Monday, May 25, 2009
Very few days from now, classes will be resumed. I feel a little bit pressure. After long years of studying at school, now is the only time that I feel so much fed-up. Only now is the worst pressure I feel considering the fact that I’m about to graduate college very soon. I’m about to leave my Alma matter but still, I could not totally separate myself from the boundary of bourgeois education which have molded me all through my life. It’s because I’ll become a teacher. This time, I’ll be the one who will mold the minds of my students who’ll be professionals, leaders of the country or ominously, out-of-school youth in the future brought by the continuous tuition increase or commercialization, privatization, and rationalization of many state universities. Whoever they would be in the future, I would never be fed-up of awakening their minds to the reality of the society. My mission as an educator remains purposive—to arouse, organize, and mobilize them.
Though class hasn’t started yet, I could already foresee my usual daily routines—how I waste my time with my classmates listening to loud sermons of our terror adviser who seems to see herself a saint and doing more sermons than lessons to her subject, preparing myself early in the morning for school and fight my intense stress due to heavy traffic (if I’ll be late from her, she’ll not accept me to come to her class unless I’ll beg her in her office with a valid reason), getting bombarded with tons of paper works, teaching demonstrations or reports, series of group works, compendium (authorizing an own book), thesis or projects, and, of course quizzes and examinations will always be there. Despite the fact that I still have so many significant works aside from academic matters, it is indeed, a stressful one. Sometimes I think that if there is only a permitted course for those certain area of works (those that don't concern my present academic course/majorship), I’ve already shifted into it.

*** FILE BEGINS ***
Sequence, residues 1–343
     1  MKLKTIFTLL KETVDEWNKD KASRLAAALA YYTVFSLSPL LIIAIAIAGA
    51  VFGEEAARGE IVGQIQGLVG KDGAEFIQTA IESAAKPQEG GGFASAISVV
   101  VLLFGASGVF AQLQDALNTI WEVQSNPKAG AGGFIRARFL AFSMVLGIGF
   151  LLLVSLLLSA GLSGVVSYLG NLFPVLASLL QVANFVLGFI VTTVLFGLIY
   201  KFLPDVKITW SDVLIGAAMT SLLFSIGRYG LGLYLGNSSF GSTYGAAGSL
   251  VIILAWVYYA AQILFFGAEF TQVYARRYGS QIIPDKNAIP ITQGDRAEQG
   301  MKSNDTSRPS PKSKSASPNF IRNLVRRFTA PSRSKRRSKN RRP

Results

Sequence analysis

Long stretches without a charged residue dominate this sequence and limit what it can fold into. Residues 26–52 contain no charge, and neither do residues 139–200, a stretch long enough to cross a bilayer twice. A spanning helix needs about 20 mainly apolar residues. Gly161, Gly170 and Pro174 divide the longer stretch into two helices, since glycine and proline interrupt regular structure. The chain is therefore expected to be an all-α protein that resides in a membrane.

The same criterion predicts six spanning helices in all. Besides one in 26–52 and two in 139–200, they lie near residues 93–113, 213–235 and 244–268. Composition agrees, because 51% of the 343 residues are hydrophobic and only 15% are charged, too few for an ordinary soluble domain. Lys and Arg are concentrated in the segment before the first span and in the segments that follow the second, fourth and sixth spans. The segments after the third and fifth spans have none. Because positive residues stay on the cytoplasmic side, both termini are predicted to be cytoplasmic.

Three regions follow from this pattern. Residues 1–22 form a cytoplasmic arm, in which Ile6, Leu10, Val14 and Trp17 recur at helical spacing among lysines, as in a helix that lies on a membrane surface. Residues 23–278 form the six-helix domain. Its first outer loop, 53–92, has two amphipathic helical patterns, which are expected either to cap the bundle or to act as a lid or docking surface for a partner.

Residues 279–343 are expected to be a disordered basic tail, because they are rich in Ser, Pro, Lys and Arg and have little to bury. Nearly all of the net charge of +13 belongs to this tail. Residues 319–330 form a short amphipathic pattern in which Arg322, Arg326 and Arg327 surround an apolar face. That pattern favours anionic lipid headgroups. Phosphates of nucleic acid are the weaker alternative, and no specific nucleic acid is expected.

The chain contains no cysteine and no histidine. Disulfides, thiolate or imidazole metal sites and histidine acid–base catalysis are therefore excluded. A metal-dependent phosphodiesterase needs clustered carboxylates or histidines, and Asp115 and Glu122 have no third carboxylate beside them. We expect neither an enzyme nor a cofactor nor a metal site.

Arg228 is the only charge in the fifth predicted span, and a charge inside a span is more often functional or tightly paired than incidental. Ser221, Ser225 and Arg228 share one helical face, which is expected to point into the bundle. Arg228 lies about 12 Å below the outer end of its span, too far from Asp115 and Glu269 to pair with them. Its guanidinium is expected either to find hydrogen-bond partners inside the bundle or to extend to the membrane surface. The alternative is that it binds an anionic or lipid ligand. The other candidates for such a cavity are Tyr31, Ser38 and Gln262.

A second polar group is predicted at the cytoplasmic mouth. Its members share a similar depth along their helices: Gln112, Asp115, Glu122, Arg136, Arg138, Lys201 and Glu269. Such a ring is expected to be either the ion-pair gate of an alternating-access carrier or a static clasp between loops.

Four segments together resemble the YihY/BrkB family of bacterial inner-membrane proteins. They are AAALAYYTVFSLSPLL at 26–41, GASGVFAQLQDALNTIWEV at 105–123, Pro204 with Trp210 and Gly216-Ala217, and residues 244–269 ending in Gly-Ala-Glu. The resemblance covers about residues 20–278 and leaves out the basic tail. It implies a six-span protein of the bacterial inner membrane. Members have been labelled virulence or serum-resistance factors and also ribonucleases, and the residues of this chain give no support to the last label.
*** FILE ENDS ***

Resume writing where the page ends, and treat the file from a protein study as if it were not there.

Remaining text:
Nevertheless, I couldn't wait any longer for my off-campus next semester. It’s not because of the probable tension that my final-blown teaching demonstration in a real classroom setting might bring me; but, what excites me the most is the total exposure to the real world of educators like me and to the different irregularities in the plight of education that the government couldn't hide and should give an immediate action(not just a bond-aid solution).
Few months from now, I’ll be graduating college. However, it doesn’t matter to me how high my grades are, how prestigious my awards will be, or how many times my name will be mentioned and remembered by the community of my alma matter because of my enviable honorable rank. All those things will never measure the real meaning of “excellence” but it could be measured on how you are willing to risk everything for yourself to acquire the genuine award which is not only yours but also for the people as a whole.